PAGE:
Facebook Slider


Optional Member Code
Get News Alerts!
Monday, 29 April 2013 09:59

Sequester: What a Good Idea! Not.

  • font size decrease font size decrease font size increase font size increase font size
  • Print
  • Email


MealsWheelsFINALHere we are again, fumbling around with the regulatory mechanisms that govern our lives. With respect to the sequester, surely it is time to stop playing games with the American people’s ability to plan their lives and have reasonable expectations regarding arrivals and departures at our nation’s most important travel hubs.

But if we were to be completely honest with ourselves, we’d have to admit that travel arrangements have become the focus of our attention, in the absence other sequester-affected aspects of our society. The inconvenience of flight disruptions has an immediate affect that is easily traced to the source, but the terrible cost in terms of children’s education, food programs for the elderly and other areas on the chopping block are rarely discussed.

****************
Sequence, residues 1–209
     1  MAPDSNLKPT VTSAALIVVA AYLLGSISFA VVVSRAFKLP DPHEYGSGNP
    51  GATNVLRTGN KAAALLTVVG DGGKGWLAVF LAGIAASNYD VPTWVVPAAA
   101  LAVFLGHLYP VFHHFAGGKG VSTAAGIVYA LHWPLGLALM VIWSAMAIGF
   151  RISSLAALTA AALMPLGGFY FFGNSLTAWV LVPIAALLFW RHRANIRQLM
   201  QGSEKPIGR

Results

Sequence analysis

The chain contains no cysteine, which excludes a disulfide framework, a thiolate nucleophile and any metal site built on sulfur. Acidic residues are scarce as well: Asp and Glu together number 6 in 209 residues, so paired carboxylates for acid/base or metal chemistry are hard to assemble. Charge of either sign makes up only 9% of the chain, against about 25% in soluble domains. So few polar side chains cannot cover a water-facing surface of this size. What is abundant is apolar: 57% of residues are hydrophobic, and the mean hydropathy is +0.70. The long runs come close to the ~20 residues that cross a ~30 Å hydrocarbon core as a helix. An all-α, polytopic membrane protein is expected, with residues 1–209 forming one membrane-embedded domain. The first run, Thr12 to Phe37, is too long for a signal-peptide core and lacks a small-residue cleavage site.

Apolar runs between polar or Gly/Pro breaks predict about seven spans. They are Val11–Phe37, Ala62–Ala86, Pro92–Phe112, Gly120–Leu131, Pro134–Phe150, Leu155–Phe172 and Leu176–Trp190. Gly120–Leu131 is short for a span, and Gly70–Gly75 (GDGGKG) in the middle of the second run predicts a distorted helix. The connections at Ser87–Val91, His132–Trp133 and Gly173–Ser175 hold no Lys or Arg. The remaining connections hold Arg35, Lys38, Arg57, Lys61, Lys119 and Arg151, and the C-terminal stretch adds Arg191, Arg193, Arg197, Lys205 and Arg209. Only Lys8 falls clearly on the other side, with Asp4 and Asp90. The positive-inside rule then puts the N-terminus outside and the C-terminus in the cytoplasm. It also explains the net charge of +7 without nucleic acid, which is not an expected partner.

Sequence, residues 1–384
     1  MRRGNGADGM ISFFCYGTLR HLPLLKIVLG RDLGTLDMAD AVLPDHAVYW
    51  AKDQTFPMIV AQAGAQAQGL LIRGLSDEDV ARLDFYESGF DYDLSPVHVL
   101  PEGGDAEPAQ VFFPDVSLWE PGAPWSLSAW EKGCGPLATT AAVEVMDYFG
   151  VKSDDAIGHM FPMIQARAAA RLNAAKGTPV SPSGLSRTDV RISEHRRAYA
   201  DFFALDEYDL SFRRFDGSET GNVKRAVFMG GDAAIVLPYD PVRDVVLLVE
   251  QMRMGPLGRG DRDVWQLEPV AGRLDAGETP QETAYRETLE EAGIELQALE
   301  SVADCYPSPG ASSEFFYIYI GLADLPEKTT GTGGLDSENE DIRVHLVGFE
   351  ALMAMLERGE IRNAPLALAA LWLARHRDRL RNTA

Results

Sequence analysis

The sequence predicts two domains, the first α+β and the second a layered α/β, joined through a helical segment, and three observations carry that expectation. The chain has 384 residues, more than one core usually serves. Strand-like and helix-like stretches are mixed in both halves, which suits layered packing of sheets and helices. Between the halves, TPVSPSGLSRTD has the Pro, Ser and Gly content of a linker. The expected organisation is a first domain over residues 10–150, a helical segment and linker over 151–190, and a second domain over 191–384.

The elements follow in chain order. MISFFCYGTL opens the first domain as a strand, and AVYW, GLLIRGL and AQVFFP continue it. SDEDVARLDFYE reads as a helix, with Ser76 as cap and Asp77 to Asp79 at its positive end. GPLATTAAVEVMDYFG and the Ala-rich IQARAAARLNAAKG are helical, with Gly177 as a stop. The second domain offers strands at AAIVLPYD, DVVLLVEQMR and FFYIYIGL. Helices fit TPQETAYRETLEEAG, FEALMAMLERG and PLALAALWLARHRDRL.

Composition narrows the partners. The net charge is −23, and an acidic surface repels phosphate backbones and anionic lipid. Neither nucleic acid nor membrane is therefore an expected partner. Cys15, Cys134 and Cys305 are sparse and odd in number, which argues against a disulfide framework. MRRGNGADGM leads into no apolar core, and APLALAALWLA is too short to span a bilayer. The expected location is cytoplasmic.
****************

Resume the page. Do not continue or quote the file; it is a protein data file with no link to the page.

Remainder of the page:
Congress is all in a dither and has, in fact, just devised a “bipartisan” solution, as Maine’s Susan Collins described it, to remedy a situation that in addition to being an inconvenience had become an embarrassment for the administration as well as lawmakers. And so loud voices and powerful lobbying efforts by industry won the day yet again. Talk about embarrassing.

Oh well, Head Start isn’t all that important is it? And a few old folks missing a meal here and there, or some unemployment benefits that fail to make it to the needy, what’s the problem? Clearly there are those in the halls of power who think such benefits are beyond the proper scope of government, anyway. As long as our airlines keep flying and getting members of Congress in front of microphones, the country is in good shape, and perhaps a broad-based sequester will net a few savings that will make a dent in the deficit.

Or, will most people experience alterations in their lives that bring no reward, as the government makes ‘adjustments’ between agencies to ease the discomfort of constituents with the loudest voices.

(Photo: Dwight Burdette)